“[Student] attended a large wedding with no face masks or social distancing this past weekend (October 24). On Wednesday, she returned to the law building for in person class… Other students left the classroom she was in when they found out where she had been, so her presence and lack of quarantining has affected the learning environment for multiple other students,” the report said.
Outside of the classroom, staff faced opposition from within their own members:
“The staff member entered the Foreign Languages Building, left, and entered again without a mask,” the report said on September 16. “He is approved for off-site work and not supposed to work on campus. He has stated opposition to testing and to mask wearing…”
The Siebel Center was the top reported campus building, followed by the Illini Union Hotel, Scott Hall and Oglesby Hall.
Opinions about COVID enforcement on campus made up 3% of complaint forms. One report pointed out a pattern among the students that led to noncompliance.
“It’s a kind of phenomenon. Most students who stay on campus intentionally update a wrong current address that is not in Illinois. So, they don’t have to do COVID test twice a week,” the report alleged on November 5. “By comparing the login address of the student account, you will find out people who login to their Compass website here but their current address is not here… I think it’s necessary for our university to research the validity of current addresses.”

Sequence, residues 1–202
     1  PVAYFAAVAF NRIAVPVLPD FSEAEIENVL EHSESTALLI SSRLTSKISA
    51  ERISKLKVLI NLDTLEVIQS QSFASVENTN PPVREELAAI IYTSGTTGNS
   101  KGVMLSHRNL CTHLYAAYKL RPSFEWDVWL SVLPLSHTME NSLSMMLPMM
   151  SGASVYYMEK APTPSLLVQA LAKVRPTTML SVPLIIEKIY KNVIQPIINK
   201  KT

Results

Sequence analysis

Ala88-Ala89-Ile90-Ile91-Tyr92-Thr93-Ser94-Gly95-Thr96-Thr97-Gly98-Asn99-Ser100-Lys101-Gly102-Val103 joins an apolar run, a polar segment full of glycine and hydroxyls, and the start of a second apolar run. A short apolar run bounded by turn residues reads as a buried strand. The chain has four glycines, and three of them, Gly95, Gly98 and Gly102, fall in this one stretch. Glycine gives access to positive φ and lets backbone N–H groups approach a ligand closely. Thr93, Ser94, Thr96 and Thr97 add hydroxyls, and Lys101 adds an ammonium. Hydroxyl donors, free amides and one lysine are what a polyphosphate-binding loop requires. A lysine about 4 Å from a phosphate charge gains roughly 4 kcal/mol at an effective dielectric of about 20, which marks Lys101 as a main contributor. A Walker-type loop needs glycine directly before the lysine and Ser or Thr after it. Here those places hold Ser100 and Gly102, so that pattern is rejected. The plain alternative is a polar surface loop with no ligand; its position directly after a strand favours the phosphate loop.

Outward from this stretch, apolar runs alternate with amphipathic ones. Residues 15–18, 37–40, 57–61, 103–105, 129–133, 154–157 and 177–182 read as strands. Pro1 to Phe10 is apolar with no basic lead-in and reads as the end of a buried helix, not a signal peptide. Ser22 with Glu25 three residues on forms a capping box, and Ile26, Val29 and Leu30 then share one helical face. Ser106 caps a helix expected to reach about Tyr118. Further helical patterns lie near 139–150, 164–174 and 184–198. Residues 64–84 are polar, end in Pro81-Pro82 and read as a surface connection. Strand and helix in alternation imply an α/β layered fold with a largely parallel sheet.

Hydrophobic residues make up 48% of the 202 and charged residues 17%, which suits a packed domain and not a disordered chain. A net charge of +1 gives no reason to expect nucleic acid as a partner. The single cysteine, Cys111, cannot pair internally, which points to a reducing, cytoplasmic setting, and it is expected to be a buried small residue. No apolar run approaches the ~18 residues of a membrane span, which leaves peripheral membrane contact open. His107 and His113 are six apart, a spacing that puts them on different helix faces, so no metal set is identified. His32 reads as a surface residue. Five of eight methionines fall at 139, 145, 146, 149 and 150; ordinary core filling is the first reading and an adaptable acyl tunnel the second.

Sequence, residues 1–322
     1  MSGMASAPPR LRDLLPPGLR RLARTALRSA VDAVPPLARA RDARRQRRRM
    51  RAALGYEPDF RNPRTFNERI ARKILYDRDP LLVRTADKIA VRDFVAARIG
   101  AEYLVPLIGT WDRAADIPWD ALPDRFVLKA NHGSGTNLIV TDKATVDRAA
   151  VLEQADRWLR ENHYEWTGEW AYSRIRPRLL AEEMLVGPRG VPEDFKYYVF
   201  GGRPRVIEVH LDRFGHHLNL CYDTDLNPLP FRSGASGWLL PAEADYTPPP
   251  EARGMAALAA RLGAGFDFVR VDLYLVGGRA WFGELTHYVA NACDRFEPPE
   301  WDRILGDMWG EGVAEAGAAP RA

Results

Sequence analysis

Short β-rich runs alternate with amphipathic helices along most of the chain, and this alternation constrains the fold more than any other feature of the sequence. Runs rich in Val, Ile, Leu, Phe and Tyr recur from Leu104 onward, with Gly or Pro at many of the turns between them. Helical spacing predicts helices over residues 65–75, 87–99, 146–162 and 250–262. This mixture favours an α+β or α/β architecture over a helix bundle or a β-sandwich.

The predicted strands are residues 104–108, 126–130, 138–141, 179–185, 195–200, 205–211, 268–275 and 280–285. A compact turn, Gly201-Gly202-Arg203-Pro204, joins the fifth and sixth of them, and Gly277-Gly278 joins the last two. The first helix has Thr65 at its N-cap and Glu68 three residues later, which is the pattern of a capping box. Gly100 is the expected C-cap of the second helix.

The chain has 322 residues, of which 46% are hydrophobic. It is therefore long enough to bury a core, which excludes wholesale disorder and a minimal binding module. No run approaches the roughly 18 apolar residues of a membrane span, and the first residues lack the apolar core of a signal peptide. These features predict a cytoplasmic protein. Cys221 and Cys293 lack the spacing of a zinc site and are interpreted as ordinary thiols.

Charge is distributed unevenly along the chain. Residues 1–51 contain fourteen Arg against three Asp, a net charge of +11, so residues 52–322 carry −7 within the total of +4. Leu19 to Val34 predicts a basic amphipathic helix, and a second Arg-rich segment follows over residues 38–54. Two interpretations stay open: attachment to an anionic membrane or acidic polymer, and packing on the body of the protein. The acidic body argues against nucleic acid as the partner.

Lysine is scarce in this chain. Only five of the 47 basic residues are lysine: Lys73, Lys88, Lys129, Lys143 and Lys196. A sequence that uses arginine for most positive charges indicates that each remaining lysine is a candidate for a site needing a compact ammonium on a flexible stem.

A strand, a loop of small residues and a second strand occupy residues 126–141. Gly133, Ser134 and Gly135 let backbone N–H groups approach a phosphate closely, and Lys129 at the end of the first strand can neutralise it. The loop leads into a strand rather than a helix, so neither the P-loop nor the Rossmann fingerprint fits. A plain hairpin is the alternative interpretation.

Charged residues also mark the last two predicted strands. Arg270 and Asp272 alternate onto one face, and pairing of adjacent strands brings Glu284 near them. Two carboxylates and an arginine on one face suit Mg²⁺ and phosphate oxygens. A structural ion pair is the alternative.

Some claim the university wasn’t doing enough, while others criticized the administration for “reducing the college experience”.
“Most undergrads on this campus, paying full tuition for what was expected to be a hybrid in-person semester, do not have a single in person class,” the complaint stated on October 27. “These same students aren’t at risk themselves, or already have antibodies… It is accurate to say that covid-19 has brainwashed this campus… This university began the semester at the forefront of testing… Yet, this same University has reduced the UIUC college experience from all that it is to YouTube lectures and fearful adolescents.”